That roar was raised quite a few decibels moments later when Sauer found himself with the puck on his stick and Thomas out of position following a world-class pass from Marian Gaborik. Sauer shoveled the puck towards the net and it just barely crossed the goal line for his third goal of the season -- and what turned out to be his second game-winner -- at 17:03 of the third.

A jubilant Vinny Prospal reacts to the second of his two second-period goals, scored with only 1:34 to go before the second intermission. Prospal's two goals set the tone for a third-period comeback win.
“That was unbelievable,” said Sauer. “I have never scored a goal that big before, that’s for sure. I was so excited, and the fans went nuts. That’s what it’s all about, and getting those two points is huge for us.”

The delirium -- and tension -- continued the next two minutes as the Bruins pressed for the equalizer against a stout Henrik Lundqvist. But with Thomas on the bench, Stepan collected the puck at center ice and whizzed a long shot into the net before being engulfed in a sea of blue sweaters by the Rangers’ bench.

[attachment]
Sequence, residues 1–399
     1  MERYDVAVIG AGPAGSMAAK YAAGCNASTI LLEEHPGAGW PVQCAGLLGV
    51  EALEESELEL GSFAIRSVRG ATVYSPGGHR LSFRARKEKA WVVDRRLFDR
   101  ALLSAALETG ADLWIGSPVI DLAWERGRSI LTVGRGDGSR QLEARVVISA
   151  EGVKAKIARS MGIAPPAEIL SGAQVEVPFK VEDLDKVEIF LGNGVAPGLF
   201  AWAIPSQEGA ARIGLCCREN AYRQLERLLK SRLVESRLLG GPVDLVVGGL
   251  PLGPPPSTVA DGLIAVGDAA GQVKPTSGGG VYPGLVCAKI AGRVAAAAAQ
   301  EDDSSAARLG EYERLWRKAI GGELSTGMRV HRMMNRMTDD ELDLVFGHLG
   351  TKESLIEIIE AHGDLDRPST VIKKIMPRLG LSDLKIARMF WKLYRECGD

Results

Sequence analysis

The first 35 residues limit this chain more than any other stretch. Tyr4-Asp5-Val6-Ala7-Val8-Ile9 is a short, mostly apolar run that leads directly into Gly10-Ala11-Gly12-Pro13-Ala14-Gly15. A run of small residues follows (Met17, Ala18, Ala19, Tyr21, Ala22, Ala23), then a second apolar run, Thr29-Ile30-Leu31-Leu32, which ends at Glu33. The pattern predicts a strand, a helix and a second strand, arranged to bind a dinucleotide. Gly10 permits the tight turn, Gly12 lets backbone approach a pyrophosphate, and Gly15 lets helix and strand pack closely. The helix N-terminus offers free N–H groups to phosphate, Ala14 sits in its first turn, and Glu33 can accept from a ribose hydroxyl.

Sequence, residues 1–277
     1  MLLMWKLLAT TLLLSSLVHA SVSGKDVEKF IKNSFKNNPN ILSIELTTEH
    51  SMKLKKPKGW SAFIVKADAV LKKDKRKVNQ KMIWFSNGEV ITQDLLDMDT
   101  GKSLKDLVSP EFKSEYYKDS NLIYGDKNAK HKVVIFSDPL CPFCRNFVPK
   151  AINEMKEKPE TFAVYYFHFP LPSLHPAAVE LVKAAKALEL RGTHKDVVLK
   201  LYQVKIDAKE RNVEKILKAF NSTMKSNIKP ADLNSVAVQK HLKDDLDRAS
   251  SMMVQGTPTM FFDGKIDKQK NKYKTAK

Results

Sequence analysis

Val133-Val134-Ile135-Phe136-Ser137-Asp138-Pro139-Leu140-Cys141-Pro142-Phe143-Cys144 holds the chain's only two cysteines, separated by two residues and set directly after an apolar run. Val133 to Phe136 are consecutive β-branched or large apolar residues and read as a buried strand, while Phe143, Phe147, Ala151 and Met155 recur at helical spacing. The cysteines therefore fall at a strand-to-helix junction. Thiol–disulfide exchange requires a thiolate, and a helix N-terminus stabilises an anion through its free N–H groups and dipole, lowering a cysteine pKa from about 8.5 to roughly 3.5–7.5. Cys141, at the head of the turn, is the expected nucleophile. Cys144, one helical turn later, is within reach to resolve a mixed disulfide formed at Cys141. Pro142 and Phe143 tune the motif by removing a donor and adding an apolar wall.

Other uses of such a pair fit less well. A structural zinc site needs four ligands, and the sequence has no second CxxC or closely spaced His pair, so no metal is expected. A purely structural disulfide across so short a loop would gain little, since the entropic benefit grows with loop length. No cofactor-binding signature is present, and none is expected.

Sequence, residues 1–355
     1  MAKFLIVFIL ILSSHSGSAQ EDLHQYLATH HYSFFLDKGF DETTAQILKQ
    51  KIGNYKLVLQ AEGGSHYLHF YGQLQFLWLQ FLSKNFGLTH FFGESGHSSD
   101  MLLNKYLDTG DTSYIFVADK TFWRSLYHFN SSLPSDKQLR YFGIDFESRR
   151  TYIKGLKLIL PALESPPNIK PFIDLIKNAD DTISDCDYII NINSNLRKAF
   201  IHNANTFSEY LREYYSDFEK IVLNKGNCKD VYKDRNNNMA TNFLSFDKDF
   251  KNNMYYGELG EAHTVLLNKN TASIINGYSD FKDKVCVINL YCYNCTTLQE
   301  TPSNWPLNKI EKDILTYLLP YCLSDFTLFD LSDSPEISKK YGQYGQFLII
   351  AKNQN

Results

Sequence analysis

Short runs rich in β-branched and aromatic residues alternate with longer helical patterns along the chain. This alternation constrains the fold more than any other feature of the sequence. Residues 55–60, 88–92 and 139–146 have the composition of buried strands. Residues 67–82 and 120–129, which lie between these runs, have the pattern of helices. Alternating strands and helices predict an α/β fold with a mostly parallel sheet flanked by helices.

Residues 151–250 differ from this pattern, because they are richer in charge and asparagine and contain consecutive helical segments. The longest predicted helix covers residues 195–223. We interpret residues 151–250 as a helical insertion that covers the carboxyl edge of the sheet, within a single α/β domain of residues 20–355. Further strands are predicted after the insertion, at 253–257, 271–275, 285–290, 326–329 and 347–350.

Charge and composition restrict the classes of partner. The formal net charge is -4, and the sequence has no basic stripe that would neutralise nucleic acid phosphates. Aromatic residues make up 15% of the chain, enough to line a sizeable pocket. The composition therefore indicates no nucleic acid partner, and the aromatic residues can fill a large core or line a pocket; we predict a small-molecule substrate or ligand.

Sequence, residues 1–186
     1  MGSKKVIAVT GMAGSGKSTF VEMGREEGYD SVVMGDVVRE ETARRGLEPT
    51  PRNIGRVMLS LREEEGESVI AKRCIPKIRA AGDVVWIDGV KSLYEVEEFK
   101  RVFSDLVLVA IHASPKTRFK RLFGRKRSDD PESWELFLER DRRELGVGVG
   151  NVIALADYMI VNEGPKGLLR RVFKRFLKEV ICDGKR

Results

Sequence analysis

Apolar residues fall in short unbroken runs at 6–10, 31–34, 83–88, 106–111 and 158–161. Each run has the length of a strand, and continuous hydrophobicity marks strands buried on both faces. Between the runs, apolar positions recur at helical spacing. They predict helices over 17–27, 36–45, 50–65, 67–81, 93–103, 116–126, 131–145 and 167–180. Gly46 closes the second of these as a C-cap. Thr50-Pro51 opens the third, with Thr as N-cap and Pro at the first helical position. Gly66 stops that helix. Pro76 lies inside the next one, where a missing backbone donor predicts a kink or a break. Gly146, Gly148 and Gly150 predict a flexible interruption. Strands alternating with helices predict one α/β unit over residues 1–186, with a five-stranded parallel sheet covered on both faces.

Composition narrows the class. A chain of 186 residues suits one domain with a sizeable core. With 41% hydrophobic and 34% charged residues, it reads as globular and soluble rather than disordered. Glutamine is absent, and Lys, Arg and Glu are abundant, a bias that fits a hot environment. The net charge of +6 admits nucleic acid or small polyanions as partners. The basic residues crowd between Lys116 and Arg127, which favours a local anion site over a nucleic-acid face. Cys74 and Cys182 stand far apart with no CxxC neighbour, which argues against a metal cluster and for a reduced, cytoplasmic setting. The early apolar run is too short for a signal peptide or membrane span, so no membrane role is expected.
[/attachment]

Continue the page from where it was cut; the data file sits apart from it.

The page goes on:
“It just erupted in here, and we fed off of that,” Sauer said of the Ranger fans. “Most importantly we got the win, which was so big for us.”

Few could have foreseen this finish during a first period that had the Rangers trailing 2-0 and outshot 19-5 by the hard-charging Bruins. Despite allowing two goals, Lundqvist was the Blueshirts best player over the first 20 minute of play in keeping the score manageable.

Chris Kelly’s goal at 10:32 of the second period seemed to be the backbreaker at the time because it gave the Bruins -- one of the top defensive teams in the league -- a 3-0 lead.

However just 62 seconds after Kelly’s goal the Rangers received a huge score from Prospal, who tucked in a rebound of the rejuvenated Wojtek Wolski’s original shot.